The US dollar short squeeze ran out of steam overnight. After rising to 93.59 overnight, the dollar index failed ahead of its 50-day moving average (DMA) and finished the session slightly lower at 92.91. This morning, the index has edged higher to 92.96 in directionless trading. The EUR/USD tested support at 1.1750 overnight, before rising to the middle of its two-month range at 1.1845 this morning.
British pound heads higher
The British pound’s Brexit comeback marched on, as hopes continue to rise of an EU trade deal breakthrough and movement by the government on the Internal Markets bill. Tensions over Brexit have eased ever so slightly, with some apparent minuscule progress in trade negotiations. Presidential candidate Joe Biden called the UK out on its Internal Markets Bill, saying he would not sign onto a US/UK trade deal if the bill undermined the Good Friday Agreement, which it would. The threat caused Prime Minister Johnson to backtrack somewhat overnight, as Johnson will allow a Parliamentary override.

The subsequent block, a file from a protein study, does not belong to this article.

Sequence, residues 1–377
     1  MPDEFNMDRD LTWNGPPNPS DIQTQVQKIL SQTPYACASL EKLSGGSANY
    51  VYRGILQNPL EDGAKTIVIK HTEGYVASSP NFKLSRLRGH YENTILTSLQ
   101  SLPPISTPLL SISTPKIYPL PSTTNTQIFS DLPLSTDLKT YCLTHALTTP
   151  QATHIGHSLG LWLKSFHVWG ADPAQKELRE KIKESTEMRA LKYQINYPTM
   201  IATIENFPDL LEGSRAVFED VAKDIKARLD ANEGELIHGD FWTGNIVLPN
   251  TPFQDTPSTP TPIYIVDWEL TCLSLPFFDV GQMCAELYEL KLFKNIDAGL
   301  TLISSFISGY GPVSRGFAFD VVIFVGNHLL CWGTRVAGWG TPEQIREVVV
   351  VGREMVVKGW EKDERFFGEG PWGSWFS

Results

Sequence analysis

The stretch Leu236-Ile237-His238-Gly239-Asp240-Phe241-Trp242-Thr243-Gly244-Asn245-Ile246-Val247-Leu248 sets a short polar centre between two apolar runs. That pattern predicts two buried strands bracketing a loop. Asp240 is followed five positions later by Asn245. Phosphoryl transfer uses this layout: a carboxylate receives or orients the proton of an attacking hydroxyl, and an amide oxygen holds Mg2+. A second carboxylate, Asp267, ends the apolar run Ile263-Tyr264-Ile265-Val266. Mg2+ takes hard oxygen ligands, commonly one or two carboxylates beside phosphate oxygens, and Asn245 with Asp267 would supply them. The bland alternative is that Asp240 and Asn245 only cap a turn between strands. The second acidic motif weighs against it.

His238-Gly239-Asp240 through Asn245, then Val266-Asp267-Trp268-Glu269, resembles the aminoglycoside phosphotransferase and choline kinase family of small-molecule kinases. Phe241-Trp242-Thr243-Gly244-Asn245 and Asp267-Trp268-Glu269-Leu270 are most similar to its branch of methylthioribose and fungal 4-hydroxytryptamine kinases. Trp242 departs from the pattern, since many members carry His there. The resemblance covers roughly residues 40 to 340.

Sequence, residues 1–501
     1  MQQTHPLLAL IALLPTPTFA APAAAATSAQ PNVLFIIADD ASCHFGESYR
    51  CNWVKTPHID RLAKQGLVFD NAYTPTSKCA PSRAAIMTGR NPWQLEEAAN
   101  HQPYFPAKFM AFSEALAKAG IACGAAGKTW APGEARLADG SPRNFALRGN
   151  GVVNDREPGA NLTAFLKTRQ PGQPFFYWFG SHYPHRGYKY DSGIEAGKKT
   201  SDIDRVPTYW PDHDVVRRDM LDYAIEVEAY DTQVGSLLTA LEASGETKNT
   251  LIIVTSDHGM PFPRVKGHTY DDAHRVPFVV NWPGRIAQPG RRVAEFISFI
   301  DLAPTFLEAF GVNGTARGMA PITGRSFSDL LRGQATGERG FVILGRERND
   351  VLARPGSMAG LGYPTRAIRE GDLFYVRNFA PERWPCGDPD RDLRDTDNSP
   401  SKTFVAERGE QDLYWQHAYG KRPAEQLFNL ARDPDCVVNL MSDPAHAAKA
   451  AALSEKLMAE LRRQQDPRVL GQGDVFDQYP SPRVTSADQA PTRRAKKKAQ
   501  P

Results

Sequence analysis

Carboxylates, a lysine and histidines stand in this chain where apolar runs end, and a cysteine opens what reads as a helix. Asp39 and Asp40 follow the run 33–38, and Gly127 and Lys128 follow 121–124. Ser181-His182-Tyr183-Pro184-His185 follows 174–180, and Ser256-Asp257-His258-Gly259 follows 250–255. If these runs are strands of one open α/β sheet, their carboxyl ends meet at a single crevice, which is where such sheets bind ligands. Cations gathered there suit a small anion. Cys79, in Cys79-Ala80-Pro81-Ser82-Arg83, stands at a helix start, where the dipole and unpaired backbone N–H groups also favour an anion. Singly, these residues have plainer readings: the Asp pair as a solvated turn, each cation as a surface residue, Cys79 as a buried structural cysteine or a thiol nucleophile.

The GBP/USD has rallied to 1.2950, within shouting distance of its triple-top at 1.3000. Although the rally is based on hope, rather than facts, a daily close above 1.3000 suggests further gains to 1.3200. I would argue that being long 1.3000 is a dangerous game for now.
The pro-cyclical currencies have all gained this morning, as Asian equities hold their own after the overnight US sell-off. AUD and NZD are both higher, with USD/JPY breaking support at 105.00 overnight, suggesting more yen strength and a move lower by USD/JPY to 103.50 in the coming sessions.
Asian currencies continue to defy the US dollar short squeeze amongst the G-10 grouping. USD/CNY is poised to break 6.7500 on its way to 6.7000. The MYR, THB, PHP and SGD are all higher today with a lower for longer FOMC bringing developing market yield differentials back into play.
We expect this divergence to continue, with G-10 currencies ranging, albeit noisily, with regional Asian and Australasians maintaining strength on positive China data and yield differentials.